Doug Massey the son of George Massey (for whom the Massey Tunnel is named) spoke on radio regarding the memo and report prepared on options for the Massey Tunnel.  Mr. Massey had asked the previous provincial government in a Freedom of Information Request for information on potential options for a submersive tunnel. Mr. Massey received no information from his inquiry.  However  the report has now been released under the new Provincial government and the new Minister of Transportation, Claire Trevena. You can read the  April of 2013 TEC (Tunnel Engineering Consultants)  60 page presentation to Provincial staff here.
Massey TEC 4 april R2
The presentation from TEC includes an introduction to the Tunnel Engineering Consultants, some of their work (they are one of the leaders in tunnel technology in the world), specific observations on the Massey Tunnel, an outline of issues and considerations, and a section for “discussion”.
Despite what the previous Provincial government has said, this presentation notes that submersive tunnels can be safer than open highways, with separation of traffic flows, an escape gallery and good design and traffic control and management systems. The presentation highlighted the Busan and Geoje Island bridge/tunnel fixed link in South Korea, which is an eight kilometers long and is one of the deepest tunnels in the world because of a  major navigational channel. With  unfavourable ground, wave action and seismic conditions new techniques were used to create this tunnel which has been in successful operation since 2010.
In examining the Massey Tunnel, TEC looked at the various options for placing a new submersive tunnel. Those options included maintaining the existing crossing, replacing the crossing with a new tunnel or a bridge, maintaining the tunnel and building a bridge or new tunnel, and also maintaining the tunnel and building a new crossing in a new location. TEC prepared cross-section layouts, and looked at options for the future use of the existing tunnel. TEC recommended the use of a type of  tunnel similar to that used in the Femern tunnel providing an 18 kilometer submersive tunnel between Demark and Germany.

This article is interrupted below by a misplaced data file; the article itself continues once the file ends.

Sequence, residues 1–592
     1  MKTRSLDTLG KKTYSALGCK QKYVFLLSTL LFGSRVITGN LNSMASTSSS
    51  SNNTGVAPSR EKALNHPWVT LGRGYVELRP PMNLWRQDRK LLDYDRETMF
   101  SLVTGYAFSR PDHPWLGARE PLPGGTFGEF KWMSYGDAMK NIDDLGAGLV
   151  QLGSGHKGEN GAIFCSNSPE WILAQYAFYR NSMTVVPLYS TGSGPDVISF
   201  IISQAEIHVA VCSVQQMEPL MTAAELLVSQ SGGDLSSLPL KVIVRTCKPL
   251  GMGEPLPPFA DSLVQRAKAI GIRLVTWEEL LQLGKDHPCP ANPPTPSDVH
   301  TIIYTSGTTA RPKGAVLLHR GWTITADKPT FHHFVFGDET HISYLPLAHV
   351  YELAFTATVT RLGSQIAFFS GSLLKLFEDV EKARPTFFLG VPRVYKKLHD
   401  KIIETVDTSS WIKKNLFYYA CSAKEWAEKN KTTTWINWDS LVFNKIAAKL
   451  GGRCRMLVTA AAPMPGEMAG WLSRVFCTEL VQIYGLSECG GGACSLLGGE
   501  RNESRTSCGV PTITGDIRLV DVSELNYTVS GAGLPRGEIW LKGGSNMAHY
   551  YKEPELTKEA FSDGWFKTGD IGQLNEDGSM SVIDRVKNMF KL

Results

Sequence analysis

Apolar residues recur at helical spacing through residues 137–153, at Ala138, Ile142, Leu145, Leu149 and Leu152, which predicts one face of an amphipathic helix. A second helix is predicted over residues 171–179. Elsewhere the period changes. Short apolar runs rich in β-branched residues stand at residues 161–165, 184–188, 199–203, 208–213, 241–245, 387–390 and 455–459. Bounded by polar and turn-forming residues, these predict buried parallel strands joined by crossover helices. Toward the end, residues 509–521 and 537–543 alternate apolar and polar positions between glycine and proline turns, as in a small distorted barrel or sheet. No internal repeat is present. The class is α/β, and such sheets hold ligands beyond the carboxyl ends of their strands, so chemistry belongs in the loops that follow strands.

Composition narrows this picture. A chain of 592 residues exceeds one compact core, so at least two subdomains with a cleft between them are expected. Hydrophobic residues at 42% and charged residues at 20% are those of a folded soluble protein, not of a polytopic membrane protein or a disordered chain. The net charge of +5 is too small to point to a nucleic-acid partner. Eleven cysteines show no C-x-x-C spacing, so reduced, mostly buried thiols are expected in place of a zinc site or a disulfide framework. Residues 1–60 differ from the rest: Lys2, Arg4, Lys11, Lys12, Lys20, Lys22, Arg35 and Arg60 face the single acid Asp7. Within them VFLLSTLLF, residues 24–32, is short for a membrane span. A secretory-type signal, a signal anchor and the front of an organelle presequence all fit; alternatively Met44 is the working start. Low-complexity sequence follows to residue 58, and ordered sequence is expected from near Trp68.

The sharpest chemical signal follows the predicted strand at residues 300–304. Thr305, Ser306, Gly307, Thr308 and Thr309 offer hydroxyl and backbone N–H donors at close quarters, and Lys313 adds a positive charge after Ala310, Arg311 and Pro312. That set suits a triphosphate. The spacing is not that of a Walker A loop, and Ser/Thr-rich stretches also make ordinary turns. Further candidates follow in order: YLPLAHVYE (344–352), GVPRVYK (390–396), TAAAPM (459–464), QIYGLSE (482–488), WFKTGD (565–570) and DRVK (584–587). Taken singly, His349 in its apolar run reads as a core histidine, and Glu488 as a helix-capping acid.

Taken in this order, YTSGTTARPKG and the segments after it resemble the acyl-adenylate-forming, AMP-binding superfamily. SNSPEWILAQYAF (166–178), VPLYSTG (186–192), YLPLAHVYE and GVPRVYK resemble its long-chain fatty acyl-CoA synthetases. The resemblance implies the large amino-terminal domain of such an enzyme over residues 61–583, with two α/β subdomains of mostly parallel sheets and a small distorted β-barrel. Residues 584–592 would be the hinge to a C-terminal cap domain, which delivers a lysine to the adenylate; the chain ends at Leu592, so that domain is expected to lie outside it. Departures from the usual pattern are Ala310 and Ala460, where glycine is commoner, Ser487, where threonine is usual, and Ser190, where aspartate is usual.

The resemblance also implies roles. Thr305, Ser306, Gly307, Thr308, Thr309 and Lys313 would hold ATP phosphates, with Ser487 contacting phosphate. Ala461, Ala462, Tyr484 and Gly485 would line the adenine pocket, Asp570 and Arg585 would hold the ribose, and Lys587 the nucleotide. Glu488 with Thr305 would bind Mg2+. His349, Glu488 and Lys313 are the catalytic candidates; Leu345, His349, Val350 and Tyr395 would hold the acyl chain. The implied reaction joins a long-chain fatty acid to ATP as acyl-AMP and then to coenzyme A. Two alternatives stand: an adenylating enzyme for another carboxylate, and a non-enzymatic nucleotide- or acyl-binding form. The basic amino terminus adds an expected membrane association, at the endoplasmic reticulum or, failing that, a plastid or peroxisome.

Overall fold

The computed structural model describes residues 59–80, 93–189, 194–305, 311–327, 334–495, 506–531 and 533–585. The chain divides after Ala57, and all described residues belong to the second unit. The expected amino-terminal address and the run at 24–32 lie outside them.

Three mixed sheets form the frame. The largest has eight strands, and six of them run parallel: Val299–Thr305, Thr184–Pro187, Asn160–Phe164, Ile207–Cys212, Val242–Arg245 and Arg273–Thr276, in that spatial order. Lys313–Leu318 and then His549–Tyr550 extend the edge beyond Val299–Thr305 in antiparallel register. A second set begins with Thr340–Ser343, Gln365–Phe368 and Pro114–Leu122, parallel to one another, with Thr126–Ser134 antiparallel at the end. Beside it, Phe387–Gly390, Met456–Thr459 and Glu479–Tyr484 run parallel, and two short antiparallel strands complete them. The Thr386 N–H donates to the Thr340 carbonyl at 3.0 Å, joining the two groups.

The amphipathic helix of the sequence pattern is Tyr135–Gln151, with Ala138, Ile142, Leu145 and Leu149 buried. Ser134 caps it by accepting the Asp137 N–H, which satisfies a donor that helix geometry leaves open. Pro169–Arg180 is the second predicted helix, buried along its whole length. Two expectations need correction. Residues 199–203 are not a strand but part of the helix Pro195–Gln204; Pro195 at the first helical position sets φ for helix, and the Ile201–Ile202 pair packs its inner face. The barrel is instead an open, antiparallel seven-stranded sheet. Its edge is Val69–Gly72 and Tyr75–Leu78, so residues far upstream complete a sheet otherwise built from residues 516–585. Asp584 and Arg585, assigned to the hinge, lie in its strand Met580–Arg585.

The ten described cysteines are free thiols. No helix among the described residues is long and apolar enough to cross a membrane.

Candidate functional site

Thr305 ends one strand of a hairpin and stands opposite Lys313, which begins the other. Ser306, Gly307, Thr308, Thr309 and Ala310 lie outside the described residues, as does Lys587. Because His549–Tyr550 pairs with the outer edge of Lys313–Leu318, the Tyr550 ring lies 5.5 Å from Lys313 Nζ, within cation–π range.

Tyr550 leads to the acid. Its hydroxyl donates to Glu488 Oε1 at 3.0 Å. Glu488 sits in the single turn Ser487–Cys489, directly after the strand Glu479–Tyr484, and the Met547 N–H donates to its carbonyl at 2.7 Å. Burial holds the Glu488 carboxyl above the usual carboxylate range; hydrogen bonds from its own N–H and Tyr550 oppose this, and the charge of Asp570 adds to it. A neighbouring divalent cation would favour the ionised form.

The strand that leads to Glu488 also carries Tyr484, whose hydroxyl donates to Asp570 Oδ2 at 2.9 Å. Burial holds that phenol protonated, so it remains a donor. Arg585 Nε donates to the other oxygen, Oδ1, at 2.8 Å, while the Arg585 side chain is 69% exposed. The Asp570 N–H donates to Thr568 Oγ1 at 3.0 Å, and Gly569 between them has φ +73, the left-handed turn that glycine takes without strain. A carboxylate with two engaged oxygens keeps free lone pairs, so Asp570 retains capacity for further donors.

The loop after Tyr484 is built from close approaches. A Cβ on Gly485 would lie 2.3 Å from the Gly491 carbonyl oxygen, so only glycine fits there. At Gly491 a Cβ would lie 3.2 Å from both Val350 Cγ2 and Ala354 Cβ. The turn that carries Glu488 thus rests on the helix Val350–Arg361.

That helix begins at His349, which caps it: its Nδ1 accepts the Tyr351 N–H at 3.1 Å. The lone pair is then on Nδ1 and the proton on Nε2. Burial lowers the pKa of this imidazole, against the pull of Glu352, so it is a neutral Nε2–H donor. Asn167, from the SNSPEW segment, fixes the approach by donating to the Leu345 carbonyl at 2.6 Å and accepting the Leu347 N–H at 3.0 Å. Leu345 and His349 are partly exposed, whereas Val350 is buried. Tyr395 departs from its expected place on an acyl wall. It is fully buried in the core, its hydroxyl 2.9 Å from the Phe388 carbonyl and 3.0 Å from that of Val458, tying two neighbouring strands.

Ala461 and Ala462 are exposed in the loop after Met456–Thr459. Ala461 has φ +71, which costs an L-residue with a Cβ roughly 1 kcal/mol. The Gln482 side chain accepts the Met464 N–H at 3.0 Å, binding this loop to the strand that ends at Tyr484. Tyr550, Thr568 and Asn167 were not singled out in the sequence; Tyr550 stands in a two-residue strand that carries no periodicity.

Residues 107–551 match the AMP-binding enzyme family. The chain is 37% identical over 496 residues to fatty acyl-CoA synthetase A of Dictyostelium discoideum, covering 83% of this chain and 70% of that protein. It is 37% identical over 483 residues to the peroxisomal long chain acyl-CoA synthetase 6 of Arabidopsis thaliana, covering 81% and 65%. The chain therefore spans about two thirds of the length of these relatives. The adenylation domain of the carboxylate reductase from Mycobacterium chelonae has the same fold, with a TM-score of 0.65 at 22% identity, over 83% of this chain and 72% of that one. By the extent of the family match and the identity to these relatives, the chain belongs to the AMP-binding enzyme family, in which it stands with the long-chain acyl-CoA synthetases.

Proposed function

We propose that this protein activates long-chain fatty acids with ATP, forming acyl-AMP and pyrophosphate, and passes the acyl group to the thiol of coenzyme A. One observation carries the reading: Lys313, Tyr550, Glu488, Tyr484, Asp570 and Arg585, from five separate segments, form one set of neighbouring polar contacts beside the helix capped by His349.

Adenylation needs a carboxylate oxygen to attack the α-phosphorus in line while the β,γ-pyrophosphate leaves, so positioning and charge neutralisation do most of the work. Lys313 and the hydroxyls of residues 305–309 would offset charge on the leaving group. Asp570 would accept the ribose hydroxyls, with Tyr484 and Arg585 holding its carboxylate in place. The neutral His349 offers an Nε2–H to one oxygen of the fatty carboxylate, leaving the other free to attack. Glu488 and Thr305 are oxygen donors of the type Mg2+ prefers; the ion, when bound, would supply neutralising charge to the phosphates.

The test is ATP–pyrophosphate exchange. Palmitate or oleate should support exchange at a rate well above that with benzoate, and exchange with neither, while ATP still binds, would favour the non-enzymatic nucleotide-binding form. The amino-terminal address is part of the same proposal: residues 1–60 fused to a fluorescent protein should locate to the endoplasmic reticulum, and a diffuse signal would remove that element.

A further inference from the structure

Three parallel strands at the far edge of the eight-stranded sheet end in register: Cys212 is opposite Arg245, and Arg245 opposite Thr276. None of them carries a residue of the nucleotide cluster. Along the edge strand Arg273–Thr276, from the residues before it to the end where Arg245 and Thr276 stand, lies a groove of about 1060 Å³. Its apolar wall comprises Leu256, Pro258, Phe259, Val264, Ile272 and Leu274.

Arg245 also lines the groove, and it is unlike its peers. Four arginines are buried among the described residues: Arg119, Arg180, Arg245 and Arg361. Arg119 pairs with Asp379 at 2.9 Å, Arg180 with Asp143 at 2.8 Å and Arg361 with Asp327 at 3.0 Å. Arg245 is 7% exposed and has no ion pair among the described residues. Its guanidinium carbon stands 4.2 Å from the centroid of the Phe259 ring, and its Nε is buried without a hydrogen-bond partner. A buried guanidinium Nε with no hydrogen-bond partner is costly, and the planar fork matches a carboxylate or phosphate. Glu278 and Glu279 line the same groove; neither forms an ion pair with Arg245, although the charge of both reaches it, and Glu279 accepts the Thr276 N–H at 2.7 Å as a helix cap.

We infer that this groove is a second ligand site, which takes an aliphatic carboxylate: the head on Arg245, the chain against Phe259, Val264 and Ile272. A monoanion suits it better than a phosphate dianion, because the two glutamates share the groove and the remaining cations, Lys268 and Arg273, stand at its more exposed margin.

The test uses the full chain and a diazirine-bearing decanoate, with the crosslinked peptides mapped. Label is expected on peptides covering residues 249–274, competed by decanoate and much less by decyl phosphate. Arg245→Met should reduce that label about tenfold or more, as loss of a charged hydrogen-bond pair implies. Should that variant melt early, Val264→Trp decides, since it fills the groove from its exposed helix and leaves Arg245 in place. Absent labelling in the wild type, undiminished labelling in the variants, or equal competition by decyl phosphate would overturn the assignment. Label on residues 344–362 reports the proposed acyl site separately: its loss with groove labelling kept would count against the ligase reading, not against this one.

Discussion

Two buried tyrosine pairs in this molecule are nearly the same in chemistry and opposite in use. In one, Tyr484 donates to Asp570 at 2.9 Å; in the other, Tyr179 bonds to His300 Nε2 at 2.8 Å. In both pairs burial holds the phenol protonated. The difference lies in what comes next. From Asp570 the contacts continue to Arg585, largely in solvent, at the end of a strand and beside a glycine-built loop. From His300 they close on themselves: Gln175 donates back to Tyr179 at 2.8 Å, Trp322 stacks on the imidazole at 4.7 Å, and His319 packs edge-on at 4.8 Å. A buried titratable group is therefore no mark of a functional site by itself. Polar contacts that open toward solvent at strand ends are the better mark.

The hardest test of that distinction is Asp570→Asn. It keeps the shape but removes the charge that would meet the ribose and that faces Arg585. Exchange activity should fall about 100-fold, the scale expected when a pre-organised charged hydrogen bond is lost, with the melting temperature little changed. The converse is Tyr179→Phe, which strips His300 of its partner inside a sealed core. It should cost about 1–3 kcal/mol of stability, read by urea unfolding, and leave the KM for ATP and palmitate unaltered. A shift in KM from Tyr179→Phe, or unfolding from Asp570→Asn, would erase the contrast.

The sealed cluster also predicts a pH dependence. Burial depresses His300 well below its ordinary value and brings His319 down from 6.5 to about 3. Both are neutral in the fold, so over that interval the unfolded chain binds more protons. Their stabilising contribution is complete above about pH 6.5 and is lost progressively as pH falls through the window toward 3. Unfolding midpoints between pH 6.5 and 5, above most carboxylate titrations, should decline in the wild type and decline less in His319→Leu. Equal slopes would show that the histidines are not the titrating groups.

As described in the previous memo on Price Tags Vancouver, Provincial government staff saw this presentation and this submersive tunnel technology as an “eye opener”. There are however no cost estimates contained in this documentation to give a sense of the costs of building this tunnel, or what the thought process was for the Province to have dismissed this option.


  1. The most important part of this presentation is on what could be done with the existing tunnel, including adding bike / pedestrian access by converting the ventilation tubes. Check it out on page 59 of the pdf! You can’t build your way out of congestion, and the people carrying capacity of the existing tunnel can be greatly increased by adding more and better bus service. Upgrade the existing tunnel!

    1. Yeah right. More buses won’t cut it to get folks out of their cars. It is THE major north-south highway incl US access and access to SFPR and eventually Hwy 1 further east. it is FAR too narrow. 6 lanes minimum, likely with 4+2 directional options in rush hour. Tolled, like all highway crossing or bridges ought to be in MetroVan.
      The cheapest obviously is to add one more tunnel so 6 traffic lanes in total. It could include a narrow, separated 1m strip for bikes or peds on each side (not that there are that many, so it needs to be minimalist).
      Unclear why this is not done fast ?

      1. Because as soon as you do it:
        1. More people will use the increased capacity and it will be clogged again.
        2. More people will move to where there is new road capacity and it will soon be clogged again.
        3. Bridges across the North Arm will become even more clogged than they are already
        A 1m strip for bikes “is FAR too narrow”.
        A 4m shared path would probably suffice. But it must be in a separate tube because the noise would be unbearable in the MV tube.

      2. Why not simply start by tolling the tunnel and adding bus service? This will very likely clear up any congestion. If not, then raise the tolls and improve the bus service. Why should we encourage ever more SOV traffic? Why should I have to pay for this?

    1. Note the very shallow water depth. Not deep enough for the Fraser River. But in principle that is what makes sense here: one more tunnel, in addition to the existing 2 tunnels, with 2.5 lanes (ie 2 lanes plus 2 narrow strips for bikers/peds .. or perhaps even 4.5 lanes for minor extra cost)

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